The field service organization starts to become more strategic in importance as businesses realize that it not only solves customer problems, but it is part of gaining deep insight into customer needs. So, not only can field service be an integral part of developing customer loyalty, it also can support the next generation of significant revenues and is a key element for businesses wanting to develop new service led business models such as servitization. And with the crises of 2008, business leaders have also started to experience the revenue and profit streams associated with services. Bring these two aspects together and services is increasingly seen by business managers as one of their strategic levers for growth.
What features in field service platforms are critical now and what will be necessary in the future?
Service platforms have a major role in helping companies deliver on their strategic vision for service in that they act as the data and information hub that is enabling new business models. These solutions must be able to bring transparency to the data, support benchmark processes, but above all must be flexible enough to integrate into the customers IT architecture. Hence, seamless compatibility with other support systems such as CRM and ERP is a fundamental requirement.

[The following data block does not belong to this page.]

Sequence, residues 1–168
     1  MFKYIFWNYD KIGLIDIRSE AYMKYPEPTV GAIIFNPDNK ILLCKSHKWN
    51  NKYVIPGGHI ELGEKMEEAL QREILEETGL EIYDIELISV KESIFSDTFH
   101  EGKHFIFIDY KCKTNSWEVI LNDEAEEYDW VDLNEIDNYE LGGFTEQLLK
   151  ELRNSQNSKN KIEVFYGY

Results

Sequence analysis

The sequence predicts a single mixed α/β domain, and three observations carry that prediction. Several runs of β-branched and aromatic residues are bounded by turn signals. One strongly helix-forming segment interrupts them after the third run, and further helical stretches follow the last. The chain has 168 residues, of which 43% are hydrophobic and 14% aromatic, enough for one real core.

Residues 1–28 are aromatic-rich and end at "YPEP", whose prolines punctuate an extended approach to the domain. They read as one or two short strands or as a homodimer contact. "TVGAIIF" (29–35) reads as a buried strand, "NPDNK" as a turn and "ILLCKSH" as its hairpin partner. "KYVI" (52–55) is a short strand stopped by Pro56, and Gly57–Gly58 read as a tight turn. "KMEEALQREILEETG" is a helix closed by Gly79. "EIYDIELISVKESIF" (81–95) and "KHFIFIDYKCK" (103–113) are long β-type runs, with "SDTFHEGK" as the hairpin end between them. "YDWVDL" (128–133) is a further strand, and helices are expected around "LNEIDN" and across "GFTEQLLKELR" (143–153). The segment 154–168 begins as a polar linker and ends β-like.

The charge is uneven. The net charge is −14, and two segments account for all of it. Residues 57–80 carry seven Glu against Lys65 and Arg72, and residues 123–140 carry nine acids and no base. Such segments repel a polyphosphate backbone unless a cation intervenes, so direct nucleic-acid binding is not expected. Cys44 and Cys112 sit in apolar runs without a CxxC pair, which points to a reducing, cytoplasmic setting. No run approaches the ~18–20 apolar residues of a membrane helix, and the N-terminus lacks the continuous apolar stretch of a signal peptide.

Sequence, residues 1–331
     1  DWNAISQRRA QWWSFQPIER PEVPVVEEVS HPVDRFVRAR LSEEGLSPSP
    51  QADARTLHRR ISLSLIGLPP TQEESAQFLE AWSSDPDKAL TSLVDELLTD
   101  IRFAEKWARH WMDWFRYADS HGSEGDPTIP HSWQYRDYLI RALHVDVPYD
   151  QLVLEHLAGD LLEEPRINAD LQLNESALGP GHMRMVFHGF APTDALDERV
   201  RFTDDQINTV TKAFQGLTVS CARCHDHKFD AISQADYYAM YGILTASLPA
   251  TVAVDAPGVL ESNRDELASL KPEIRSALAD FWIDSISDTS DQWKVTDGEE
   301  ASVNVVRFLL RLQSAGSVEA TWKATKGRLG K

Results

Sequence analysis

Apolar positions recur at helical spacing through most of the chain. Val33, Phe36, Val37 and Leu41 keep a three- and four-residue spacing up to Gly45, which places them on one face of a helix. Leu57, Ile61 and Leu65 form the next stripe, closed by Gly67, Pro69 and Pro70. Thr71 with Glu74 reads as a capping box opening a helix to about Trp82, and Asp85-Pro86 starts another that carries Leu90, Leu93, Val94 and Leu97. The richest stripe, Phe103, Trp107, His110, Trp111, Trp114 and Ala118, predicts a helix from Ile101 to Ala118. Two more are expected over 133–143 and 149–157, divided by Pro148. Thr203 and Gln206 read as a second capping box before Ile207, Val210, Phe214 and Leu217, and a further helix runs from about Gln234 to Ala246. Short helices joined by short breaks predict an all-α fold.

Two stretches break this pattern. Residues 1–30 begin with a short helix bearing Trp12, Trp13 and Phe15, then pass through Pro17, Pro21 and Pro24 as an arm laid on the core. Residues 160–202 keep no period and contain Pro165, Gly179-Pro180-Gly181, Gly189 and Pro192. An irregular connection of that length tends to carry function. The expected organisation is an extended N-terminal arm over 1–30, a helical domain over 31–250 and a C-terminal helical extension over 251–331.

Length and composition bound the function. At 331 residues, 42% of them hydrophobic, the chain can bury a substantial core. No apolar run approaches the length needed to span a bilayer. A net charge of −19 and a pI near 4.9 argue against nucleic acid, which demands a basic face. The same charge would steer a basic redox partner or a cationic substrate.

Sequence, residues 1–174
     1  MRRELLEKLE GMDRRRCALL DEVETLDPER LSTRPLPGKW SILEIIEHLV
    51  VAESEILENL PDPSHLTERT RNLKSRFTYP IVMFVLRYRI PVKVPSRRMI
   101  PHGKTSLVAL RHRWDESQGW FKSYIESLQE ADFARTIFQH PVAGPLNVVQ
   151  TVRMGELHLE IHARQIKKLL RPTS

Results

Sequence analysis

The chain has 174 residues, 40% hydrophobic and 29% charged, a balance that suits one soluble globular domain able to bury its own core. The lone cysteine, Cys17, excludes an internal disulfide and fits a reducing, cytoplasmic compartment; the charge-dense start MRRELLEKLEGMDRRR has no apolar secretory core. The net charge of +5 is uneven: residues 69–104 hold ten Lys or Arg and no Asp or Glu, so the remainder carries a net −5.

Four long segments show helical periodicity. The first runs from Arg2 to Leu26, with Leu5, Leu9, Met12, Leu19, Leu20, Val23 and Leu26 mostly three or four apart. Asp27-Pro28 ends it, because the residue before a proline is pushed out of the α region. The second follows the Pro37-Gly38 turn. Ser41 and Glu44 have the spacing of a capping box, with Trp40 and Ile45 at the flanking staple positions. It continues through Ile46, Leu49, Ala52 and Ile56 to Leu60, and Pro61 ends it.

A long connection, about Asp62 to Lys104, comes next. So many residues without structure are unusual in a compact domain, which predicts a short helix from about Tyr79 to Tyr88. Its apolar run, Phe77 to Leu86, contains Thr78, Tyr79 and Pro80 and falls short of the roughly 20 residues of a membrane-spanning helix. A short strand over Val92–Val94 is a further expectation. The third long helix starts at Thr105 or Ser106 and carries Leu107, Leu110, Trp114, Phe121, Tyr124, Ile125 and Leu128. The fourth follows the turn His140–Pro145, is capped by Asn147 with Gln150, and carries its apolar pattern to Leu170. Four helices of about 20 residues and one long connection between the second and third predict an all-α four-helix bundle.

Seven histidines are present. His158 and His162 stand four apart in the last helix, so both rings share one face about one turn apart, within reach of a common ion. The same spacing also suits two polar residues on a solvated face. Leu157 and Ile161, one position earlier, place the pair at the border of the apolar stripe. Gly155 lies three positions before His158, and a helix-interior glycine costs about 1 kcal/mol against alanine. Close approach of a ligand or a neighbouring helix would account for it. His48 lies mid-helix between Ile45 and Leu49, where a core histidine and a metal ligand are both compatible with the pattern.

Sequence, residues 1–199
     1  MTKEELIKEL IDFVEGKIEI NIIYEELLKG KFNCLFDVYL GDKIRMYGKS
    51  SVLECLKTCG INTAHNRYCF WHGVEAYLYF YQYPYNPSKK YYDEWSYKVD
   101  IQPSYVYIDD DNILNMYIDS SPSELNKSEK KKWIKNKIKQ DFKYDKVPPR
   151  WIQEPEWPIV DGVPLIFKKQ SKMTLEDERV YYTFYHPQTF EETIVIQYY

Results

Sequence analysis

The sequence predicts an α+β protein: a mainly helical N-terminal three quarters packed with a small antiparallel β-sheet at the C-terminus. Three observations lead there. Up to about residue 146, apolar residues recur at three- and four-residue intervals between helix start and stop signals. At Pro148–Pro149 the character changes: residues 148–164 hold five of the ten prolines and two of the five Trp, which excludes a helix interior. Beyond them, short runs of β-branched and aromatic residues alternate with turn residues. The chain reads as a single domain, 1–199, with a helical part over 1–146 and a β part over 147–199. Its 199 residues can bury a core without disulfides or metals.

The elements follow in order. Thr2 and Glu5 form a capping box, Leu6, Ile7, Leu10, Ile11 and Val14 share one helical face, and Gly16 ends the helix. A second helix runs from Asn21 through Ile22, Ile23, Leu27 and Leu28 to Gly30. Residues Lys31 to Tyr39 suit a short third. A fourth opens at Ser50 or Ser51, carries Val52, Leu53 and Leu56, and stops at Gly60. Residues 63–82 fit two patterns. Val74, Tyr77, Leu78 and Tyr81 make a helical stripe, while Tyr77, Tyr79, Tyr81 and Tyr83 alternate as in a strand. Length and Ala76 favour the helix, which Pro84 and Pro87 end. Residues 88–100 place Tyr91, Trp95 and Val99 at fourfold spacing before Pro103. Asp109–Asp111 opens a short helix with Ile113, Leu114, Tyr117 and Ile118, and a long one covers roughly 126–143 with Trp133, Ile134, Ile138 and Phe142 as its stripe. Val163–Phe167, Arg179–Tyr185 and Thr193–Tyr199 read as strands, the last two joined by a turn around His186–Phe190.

What role do you see the Internet of Things playing in field service management?
The Internet of Things (IoT) fundamentally changes the role of field service. No longer is field service the front line on identifying and solving problems. As more devices are designed to be integrated into remote solutions, technical support centers will become the front line for problem-solving with field service focusing more on the execution. A sign of things to come can be seen with Rolls Royce and the GE “Power by the Hour” models, where customer operations centers are the first point of contact that receives and processes the engine diagnostic data. They do the analysis and then plan the local execution. But its also important to recognize that this is a vision that is only slowly becoming a reality. Depending on how your product impacts your customer’s value chain, as well as the importance of legacy equipment, will determine the best option. We will see a whole range of options emerge along this continuum driven very much by the value that can be generated and turned into profits, which will be very different across industry sector and segments.